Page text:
Malawi: Heads roll as investigations continue into grain corruption

News and Press Release
Originally published
JOHANNESBURG, 12 February (IRIN) - Malawi on Wednesday confirmed the arrest of two senior government officials accused of obstructing investigations into the sale of the country's strategic maize reserves which added to the country's food crisis.
Finance Director of the National Food Reserve Agency (NFRA) Paul Chimenya and an accounts assistant Clement Nyirenda, were arrested after they tried to prevent investigators from the Anti-Corruption Bureau (ACB) from examining the agency's records.

"The men accused had deliberately tried to foil our attempts to probe the agency's books. On Friday they were arrested and charged with obstruction. Mr Chimenya is also being investigated for awarding himself contracts to transport maize to the NFRA," ACB Director Michael Mtega told IRIN.

Over three million people in Malawi are struggling to cope with the worst food emergency in recent years. While a severe drought lies at the heart of the problem, observers have also blamed the sale of the emergency grain reserve as contributing to the shortages.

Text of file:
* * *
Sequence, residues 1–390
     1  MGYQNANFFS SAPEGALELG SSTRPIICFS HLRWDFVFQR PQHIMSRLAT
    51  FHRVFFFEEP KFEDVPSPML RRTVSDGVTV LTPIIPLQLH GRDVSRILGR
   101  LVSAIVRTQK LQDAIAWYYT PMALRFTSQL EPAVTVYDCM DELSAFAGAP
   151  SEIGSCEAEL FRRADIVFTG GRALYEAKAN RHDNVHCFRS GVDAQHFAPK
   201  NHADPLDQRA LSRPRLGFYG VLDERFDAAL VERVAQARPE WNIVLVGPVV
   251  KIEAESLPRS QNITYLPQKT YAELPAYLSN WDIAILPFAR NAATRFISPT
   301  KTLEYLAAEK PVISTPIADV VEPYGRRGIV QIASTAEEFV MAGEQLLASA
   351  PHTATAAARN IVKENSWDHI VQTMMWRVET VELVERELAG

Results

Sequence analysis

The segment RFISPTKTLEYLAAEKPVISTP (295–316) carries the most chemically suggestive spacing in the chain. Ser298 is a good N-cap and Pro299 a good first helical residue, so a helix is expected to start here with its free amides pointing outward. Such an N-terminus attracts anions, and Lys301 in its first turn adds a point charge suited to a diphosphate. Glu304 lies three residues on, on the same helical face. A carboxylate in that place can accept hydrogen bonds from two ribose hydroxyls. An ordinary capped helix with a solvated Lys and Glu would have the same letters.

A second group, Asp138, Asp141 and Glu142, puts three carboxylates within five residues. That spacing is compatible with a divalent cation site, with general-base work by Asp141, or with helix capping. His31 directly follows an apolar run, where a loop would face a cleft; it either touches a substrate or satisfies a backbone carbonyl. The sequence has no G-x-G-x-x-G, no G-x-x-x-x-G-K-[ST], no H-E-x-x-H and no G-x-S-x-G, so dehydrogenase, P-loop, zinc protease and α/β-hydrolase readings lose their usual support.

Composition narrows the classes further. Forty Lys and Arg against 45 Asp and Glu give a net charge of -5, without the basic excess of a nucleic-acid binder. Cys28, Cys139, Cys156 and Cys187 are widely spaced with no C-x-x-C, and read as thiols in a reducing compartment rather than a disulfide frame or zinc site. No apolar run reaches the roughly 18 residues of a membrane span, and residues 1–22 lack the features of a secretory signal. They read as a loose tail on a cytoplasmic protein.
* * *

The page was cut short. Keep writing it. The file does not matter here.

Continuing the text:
Almost 160,000 mt of grain was sold from the strategic grain reserves in August 2000, of which 60,000 mt was exported to Kenya.

Since the start of its investigation into the matter, the ACB has named several parliamentarians, from both the opposition and the ruling party, who bought maize from the grain reserve for resale in different markets.

In August last year, former Poverty Alleviation Minister Leonard Mangulama was sacked by President Bakili Muluzi for alleged corruption in the sale of the reserves.

Magulama was named in an ACB report into the case, which accused him of acquiring 300 mt of maize without paying for it.

More recently, a commission of inquiry to investigate the alleged mismanagement of the state-run Agriculture Development and Marketing Corporation (ADMARC) said Finance Minister Friday Jumbe, who was then head of ADMARC, would be probed to determine if he had "unduly" benefited from the sale of the maize. The commission's findings have not yet been made public.

"All the necessary people have been interviewed and a report will soon be sent to the Director of Public Prosecutions for necessary actions. The outcome of the investigations will determine whether or not more arrests will follow," Mtega said.

The government has blamed the International Monetary Fund (IMF) for forcing it to sell at least part of the reserve in 2000 to reduce debt, an accusation denied by the IMF.

The IMF countered that Malawi sold the maize after advice from a food consultant, hired by the government in a European Union-funded project.


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